• iesika says:

          This. Until the court says otherwise (and yes, I know this is stupid, but it’s the law), the squatters are pretty much treated under the law as the rightful owners. Both sides have a deed, but only one side is currently living in the house, and the squatters are presumed innocent until proven guilty.

          The courts frown strongly on self-help in cases like these even when self-help doesn’t involve a shotgun.

          • SJActress says:

            Trespassing is an element that must be met.

            They do not have a deed as squatters. If they are successful as adverse possessors, a NEW deed will be created that will relate back to the time they began possessing the house, true, but there are not two valid deeds at this point, nor will there ever be.

            Adverse possession requires:

            Actual entry and open, notorious, continuous, and exclusive possession, adverse to the true owners and under a “claim of right” or “color of title” for the statutory period.

            Depending on the state, “claim of right” can be a good faith standard (“I thought this belonged to me”), an objective standard (state of mind is ignored), or an aggressive trespasser standard (“I know this isn’t mine, and I’m taking it”). Colorado follows the aggressive trespasser standard.

            These guys are total jerks, though. Adverse possession is not intended to benefit people like this, and not intended to punish true owners who are actively trying to get the possessors ejected. I feel sorry for the homeowners.

            • SJActress says:

              And, as a victim of not RTFA, I see they have this house under color of title. This makes it a much more sticky situation, and I hope the squatters didn’t accept a quitclaim deed. :/

          • Velvet Jones says:

            Did you even read the article? The squatters have been court ordered out of the house MULTIPLE times. Each time they refuse to leave. This people are absolute scum.

    • mspk1111 says:

      This is why the castle doctrine is so badass. In some states it extends to your vehicle. In a handful of states it is also known as the stand your ground law which pretty much means your castle is anywhere you are. because AMERICA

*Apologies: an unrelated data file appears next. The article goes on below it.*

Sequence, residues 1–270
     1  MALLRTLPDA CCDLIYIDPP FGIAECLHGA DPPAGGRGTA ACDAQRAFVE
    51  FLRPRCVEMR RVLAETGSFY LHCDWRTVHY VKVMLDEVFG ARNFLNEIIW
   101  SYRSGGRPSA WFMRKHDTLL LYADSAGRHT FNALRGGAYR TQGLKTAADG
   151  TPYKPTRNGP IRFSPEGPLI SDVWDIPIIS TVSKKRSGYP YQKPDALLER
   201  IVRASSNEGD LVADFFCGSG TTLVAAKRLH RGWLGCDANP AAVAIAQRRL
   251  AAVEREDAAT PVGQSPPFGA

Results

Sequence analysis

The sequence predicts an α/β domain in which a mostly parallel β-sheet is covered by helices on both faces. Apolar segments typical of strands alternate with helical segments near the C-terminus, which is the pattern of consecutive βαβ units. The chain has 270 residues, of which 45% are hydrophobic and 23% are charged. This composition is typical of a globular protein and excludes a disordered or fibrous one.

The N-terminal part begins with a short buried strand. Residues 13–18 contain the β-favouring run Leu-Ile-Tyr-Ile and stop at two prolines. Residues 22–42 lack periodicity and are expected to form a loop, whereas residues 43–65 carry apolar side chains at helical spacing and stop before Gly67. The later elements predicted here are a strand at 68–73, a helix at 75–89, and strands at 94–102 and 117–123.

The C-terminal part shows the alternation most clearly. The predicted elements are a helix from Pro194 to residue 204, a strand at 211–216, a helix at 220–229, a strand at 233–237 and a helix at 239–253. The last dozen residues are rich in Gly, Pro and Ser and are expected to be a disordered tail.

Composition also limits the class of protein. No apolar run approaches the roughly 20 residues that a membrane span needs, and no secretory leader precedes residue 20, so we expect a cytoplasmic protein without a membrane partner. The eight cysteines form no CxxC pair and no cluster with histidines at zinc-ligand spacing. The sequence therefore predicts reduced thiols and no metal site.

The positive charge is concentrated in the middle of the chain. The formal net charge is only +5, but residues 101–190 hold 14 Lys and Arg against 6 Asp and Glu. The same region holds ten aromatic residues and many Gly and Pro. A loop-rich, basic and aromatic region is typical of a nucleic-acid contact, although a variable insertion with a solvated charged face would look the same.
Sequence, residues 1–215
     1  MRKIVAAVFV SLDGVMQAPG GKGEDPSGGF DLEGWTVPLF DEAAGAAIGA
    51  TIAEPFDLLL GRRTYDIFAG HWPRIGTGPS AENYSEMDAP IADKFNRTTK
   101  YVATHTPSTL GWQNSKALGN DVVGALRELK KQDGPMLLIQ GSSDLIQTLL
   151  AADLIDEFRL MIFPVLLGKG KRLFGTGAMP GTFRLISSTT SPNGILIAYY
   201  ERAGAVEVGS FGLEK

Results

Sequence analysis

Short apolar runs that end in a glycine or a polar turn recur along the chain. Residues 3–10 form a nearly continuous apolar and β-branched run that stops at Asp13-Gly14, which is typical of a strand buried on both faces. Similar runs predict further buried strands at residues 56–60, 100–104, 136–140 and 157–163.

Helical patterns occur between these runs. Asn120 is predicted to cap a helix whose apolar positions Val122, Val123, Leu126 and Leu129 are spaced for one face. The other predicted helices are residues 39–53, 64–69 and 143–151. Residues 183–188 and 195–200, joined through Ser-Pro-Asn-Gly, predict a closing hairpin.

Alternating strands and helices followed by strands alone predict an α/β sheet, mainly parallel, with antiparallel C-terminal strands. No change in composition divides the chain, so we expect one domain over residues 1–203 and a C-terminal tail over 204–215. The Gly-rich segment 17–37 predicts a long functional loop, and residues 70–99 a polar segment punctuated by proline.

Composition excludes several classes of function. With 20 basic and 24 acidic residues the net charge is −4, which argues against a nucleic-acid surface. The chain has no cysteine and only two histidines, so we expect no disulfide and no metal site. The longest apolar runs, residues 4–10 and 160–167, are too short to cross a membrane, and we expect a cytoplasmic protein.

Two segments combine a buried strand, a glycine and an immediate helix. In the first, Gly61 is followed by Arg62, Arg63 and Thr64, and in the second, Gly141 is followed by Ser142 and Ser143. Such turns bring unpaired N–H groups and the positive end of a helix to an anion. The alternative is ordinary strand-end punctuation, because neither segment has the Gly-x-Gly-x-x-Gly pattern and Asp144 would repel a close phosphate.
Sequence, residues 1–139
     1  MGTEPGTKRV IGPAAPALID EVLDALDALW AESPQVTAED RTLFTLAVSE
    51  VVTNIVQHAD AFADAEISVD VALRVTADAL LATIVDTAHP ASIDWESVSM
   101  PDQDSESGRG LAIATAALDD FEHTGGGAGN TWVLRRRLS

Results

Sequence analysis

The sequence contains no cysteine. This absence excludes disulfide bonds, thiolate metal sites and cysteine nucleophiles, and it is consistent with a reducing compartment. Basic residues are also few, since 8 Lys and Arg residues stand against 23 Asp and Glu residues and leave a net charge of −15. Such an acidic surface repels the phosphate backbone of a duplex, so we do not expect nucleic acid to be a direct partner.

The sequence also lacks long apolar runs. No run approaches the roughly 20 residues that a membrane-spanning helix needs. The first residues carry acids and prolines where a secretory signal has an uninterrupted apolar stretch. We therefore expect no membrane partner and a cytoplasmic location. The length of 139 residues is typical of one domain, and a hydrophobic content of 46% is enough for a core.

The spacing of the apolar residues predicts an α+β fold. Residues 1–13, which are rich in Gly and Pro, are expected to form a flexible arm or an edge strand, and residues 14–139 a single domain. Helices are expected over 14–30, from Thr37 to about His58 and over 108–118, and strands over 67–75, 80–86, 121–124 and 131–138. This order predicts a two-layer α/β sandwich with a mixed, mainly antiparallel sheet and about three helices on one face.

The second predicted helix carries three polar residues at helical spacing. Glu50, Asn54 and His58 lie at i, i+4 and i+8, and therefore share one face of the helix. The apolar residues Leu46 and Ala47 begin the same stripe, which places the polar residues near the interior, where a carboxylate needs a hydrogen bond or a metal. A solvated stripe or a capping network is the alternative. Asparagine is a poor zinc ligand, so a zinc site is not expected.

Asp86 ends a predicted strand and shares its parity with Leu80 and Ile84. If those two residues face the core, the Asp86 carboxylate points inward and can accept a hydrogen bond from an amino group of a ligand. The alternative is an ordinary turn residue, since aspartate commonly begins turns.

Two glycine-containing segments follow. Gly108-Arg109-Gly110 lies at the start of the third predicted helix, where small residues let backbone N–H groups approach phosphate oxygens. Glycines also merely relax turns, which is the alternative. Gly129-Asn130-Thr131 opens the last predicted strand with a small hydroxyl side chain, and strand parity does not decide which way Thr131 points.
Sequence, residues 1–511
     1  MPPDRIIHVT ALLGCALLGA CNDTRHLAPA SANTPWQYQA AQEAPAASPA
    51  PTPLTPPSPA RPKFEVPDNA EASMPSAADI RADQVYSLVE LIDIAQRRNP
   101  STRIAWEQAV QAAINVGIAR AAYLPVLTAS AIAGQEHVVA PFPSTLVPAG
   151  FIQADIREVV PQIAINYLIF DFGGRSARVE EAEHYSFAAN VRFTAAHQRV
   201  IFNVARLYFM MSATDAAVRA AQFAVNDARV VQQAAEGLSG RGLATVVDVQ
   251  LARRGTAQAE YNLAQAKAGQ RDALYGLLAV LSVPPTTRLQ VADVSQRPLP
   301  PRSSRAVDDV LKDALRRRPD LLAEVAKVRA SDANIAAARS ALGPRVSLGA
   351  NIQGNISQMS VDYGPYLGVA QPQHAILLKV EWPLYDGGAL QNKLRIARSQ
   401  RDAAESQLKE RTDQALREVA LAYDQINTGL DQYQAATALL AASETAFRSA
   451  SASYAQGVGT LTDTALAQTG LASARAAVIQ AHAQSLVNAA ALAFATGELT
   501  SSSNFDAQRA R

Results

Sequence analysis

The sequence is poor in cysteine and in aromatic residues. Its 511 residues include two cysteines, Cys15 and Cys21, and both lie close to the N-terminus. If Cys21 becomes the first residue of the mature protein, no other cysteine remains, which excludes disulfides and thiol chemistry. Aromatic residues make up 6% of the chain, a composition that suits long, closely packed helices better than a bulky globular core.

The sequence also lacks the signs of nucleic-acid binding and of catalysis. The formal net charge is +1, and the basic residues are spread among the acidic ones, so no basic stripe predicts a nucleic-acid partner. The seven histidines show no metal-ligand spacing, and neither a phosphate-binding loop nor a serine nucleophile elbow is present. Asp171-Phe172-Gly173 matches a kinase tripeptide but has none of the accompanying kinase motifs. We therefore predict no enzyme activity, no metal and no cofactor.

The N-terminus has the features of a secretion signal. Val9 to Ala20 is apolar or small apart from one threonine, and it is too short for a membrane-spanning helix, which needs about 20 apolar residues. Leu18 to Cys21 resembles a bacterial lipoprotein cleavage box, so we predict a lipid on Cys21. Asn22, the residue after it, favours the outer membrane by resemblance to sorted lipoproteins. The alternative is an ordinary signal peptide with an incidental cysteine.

33. Geekybiker says:

    The mind boggles on how these people weren’t tossed out for trespassing long long ago.

  34. dush says:

    I still don’t understand how the tresspassing isn’t criminal.
    Why is it just a civil matter?

    • GearheadGeek says:

      Because the thieving squatters wave their sheaf of invalid documents at the cops, who aren’t lawyers, so they say “Oh, both sides say they own it, let a judge decide.”

  35. Aliciaz777 says:

    Reading this story makes me mad. That town representative that said both the families are victims is very wrong. Only one family is a victim in all this, and it isn’t the squatters. The squatters are criminals.

    • kosmo @ The Soap Boxers says:

      The town rep said that two families are victims. I’d agree with that.

      The homeowners are the first family.

      The friends whose basement they are living in is the second family.

      The squatters? No – not victims.

      • kobresia says:

        The squatters are victims, of the sleazy Realtor who sold them a bogus Deed o’ Squatting. It was a good sum to be defrauded of, even though rents are generally fairly high around this area as it is, making that still a good deal for the time they’ve been living there.

        • kosmo @ The Soap Boxers says:

          OK, I’m definitely guilty of not RTFA.

          Three victims, then. Although, at some point, the “too good to be true” detector should have went off.

          • iesika says:

            But, if I recall, the squatters paid something like 8000 for the deed, while knowing that someone else owned the house. They knew this would be an adverse possession case from day one.

            I work in the legal system, and this kind of thing infuriates me. Somehow the law is too complicated and intimidating for most adults to be able to figure out how to split their assets in an amicable divorce, and the courts don’t make it any easier for them, yet crooks like this are able to figure out every last little trick to hold onto something they shouldn’t get. I did an eviction case a few months ago because a man’s ex-girlfriend was refusing to leave an apartment rented in his name, paid for by him, for which she had no lease or written rental agreement, and for which she was unwilling to pay rent when that option was offered. It took months, and it took my client over a thousand dollars (and we did it as cheaply as we could, but we have to keep the lights on and the bills paid in our crappy little office, and the court requires fees, etc.)